UTA In The News — Wednesday, November 8, 2023
No. 2 in the nation
Road cost tool
Mohsen Shanhandashti, an associate professor in the UTA Department of Civil Engineering, is building a price estimation and visualization tool for the Texas Department of Transportation through a $200,000 U.S. Department of Transportation grant, Dallas Innovates reported. He will be evaluating soil diversity, supply chain delays, climate differences, material and labor costs, and many other things that can impact the budget for a highway project.
James Kelsay, UT Arlington assistant professor in the department of criminology and criminal justice, said the main purpose of gun buyback programs is to remove guns from circulation, a Dallas Observer article reported. “Unfortunately, there isn’t a whole lot or any strong empirical evidence to suggest that gun buybacks are effective at reducing violence,” Kelsay said.
Property tax relief
Brent Boyea, UT Arlington political science professor, said Texas has some of the highest property tax rates in the country, KERANews.org and Houston Public Media reported. He said Proposition 2, which passed Tuesday, could help alleviate some of that burden.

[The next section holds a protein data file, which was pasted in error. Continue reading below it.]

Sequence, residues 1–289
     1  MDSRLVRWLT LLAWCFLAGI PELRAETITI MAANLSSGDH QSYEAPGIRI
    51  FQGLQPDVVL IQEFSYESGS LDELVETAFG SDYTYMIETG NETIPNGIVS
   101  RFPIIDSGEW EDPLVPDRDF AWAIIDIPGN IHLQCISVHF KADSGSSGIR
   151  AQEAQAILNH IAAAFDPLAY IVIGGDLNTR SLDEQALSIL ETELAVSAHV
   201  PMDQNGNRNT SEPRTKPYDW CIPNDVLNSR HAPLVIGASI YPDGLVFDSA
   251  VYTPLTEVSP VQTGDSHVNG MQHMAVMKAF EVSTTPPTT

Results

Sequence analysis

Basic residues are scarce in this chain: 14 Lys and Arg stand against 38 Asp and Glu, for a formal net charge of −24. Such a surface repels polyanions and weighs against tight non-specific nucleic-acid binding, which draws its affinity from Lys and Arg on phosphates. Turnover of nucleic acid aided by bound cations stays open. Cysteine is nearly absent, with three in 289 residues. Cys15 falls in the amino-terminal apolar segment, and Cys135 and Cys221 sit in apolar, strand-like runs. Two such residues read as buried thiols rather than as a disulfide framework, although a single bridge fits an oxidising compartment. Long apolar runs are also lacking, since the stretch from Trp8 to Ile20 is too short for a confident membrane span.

Middle East solution?
The brutality of the Oct. 7 Hamas attack, and the ruthlessness of the Israeli response, has made some observers wonder if this time, the severity of the violence will finally force Israelis and Palestinians to come up with a real and lasting solution to the conflict over Gaza, Brent Sasley, an associate professor in UTA’s Department of Political Science, wrote in an opinion column in Politico.
Supreme Court case on gun rights
Should it be legal to take away the guns of people who are under a domestic violence protective order, which aims to shield victims from their abusers? That’s the question posed in one of the biggest cases of the current U.S. Supreme Court term, focused on the limits of individual gun rights, which will be argued before the justices today, Morgan Marietta, a UTA political science professor, wrote in an opinion piece that ran in UPI, the Houston Chronicle, SFGate.com, the San Antonio Express-News and The Conversation.
Women health concerns
A trio of UT Arlington researchers found that women who felt their health concerns were listened to by their health care providers had more positive outcomes compared to those who did not feel heard, Medical Xpress and Bollyinside reported. Tiffany Kindratt and Kyrah Brown, both assistant professors of public health in the College of Nursing and Health Innovation, and Grace E. Brannon, assistant professor of communication in the College of Liberal Arts, were coauthors on the study.